WASHINGTON, August 7, 2013 — Time is running out for opponents of President Obama’s healthcare law who want it repealed, defunded or killed. There is an October 1 deadline for states to have exchanges set up in time for the Affordable Care Act, or Obamacare, to start January 1, 2014. As that deadline approaches, concerns about implementation, costs, and jobs are growing, not going away.
Is Obamacare a step on the way to single-payer health insurance, a total government takeover of the American health insurance market? Does it merely subsidize insurance for millions of Americans without threatening the insurance arrangements of millions of others? Uncertainty about the law’s effects on jobs and access to affordable healthcare keeps those questions alive for patients, doctors and employers. If they expected lawmakers to give them solutions, they are finding that every answer comes with two more questions.
In response to questions about managing costs and protecting privacy, the House passed a bill sponsored by Rep. Tom Price, R-GA, to get the IRS out of Obamacare. The vote was 232-185, with 228 Republicans and four Democrats supporting and 185 Democrats opposed. The Senate has yet to vote on the measure.
Sweeping regulations issued by unelected bureaucracies such as the “Independent Payment Advisory Board” — sometimes described as a death panel — are part of the unknown consequences we face as we enter the system. Others questions have to do with privacy; who will control and have access to the vast store of personal information and patient data that are required by Obamacare? Can a government whose intelligence agencies have given us massive phone and internet data collection without probable cause or warrant be trusted with these data? Can an agency that engaged in partisan political rigging of the electoral landscape last year be trusted to oversee their collection?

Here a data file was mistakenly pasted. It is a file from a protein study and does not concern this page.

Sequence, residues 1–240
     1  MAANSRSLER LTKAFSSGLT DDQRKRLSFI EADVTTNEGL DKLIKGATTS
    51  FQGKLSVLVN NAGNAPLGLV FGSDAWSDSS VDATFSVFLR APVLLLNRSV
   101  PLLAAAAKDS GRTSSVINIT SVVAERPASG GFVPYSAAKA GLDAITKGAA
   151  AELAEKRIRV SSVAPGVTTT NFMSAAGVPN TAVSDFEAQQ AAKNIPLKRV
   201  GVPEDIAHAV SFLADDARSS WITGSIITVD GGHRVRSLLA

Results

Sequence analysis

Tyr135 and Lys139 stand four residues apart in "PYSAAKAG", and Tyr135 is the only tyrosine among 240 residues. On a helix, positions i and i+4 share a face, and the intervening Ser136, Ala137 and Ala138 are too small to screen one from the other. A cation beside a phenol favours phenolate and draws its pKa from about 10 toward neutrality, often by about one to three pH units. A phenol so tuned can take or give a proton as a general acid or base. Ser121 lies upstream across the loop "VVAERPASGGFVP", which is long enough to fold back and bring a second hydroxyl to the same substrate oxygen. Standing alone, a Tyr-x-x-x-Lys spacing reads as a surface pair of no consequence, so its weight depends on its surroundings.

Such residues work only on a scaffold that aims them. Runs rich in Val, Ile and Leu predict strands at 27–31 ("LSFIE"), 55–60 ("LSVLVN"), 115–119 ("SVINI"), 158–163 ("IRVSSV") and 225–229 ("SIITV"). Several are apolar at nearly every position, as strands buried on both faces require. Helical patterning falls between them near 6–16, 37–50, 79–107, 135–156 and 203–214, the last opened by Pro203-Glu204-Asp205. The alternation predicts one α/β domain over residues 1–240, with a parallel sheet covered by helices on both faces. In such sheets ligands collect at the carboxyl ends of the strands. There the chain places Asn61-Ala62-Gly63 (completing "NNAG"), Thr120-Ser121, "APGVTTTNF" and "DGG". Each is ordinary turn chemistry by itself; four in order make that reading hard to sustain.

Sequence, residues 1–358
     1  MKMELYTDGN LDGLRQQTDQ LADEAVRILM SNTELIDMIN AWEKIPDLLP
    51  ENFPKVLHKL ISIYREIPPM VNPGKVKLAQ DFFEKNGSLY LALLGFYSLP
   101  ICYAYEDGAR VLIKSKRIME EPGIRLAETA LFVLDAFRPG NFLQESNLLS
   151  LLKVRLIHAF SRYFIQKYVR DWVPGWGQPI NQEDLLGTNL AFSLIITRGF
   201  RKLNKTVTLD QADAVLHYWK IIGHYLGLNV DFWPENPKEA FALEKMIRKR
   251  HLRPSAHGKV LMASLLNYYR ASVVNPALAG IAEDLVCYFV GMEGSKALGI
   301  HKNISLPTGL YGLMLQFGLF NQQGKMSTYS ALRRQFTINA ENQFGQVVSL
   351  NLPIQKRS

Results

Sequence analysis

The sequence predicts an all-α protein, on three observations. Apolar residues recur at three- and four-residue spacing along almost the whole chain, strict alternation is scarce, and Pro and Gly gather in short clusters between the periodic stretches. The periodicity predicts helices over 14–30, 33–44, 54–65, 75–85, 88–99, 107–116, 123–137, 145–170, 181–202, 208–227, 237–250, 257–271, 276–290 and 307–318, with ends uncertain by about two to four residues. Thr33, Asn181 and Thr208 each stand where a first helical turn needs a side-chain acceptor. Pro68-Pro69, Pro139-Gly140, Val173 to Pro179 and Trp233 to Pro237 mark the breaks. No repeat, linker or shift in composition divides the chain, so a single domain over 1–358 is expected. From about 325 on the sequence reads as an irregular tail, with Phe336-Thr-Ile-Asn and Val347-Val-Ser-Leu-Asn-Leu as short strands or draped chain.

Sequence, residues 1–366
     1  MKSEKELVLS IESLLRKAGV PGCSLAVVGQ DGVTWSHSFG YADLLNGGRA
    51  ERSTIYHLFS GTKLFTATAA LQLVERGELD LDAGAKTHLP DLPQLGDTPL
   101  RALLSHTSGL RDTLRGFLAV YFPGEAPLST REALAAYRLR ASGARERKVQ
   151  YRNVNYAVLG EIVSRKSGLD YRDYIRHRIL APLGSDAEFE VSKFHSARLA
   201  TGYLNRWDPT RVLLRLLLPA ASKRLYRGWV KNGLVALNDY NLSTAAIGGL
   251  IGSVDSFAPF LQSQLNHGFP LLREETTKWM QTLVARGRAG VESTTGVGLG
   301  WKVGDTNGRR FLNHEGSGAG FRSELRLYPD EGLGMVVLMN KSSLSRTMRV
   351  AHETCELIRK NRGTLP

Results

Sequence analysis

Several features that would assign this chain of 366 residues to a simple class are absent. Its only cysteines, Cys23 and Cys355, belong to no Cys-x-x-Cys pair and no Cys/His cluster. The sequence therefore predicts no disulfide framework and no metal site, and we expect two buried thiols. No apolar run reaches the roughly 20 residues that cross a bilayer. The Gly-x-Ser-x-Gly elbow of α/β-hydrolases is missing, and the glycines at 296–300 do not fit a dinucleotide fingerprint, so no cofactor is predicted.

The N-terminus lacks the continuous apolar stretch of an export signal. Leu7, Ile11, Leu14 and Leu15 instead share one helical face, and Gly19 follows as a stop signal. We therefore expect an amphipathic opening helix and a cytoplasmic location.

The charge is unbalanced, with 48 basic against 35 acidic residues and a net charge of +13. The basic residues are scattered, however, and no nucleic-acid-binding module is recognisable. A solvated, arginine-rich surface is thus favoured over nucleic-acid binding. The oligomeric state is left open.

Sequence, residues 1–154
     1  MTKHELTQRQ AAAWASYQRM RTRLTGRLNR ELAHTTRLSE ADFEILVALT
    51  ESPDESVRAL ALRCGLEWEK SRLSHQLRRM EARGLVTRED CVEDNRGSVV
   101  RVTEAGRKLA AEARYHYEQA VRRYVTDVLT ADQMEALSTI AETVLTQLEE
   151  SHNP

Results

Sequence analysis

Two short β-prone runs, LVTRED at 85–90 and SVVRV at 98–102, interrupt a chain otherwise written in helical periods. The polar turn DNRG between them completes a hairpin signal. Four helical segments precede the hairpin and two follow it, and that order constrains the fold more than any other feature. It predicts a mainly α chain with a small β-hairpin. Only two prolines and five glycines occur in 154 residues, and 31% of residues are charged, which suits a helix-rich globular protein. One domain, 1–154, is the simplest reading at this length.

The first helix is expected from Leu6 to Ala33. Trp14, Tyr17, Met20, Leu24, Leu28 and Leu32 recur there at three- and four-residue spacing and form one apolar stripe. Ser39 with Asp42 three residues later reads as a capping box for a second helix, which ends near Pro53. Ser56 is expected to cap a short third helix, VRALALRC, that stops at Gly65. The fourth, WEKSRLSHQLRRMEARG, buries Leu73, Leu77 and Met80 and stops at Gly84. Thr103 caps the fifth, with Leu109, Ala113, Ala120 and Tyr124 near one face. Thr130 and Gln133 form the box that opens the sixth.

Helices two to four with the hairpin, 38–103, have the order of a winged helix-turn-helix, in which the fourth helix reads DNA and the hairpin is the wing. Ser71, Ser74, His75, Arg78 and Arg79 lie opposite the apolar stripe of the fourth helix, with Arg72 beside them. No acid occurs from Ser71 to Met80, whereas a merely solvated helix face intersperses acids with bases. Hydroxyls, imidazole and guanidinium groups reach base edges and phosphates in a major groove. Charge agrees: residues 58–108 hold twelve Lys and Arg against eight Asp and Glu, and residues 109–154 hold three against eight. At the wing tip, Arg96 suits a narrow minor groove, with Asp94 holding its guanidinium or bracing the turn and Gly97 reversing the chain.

Yet another set of questions has to do with doctor-patient relationships. We were promised that no one with an insurance plan and a physician would be required to give up either, yet in the last month the government has admitted that the promise will not hold for everyone. How will Obamacare change doctor-patient relationships?
The Doctors Company Market Research reports that 60 percent of physicians believe that the law will negatively effect overall patient care. One nonsurgical specialist from California was quoted in the survey as describing Obamacare as “too much interference with patient care.” Another from Kentucky said, “Physicians have no input/control in providing patient care.” Think of the restrictions administrators place on medical care and the ability of physicians and patients to make decisions in HMOs and in Medicare-funded nursing homes, then imagine those spread across the entire health industry. These physicians clearly have.
Access to physicians and the number of doctors still able to practice medicine under the law are decreasing as physicians are taking fewer patients. American physicians familiar with the deficiencies of bureaucratized healthcare management are more apt to support a repeal to Obamacare than to approve of it.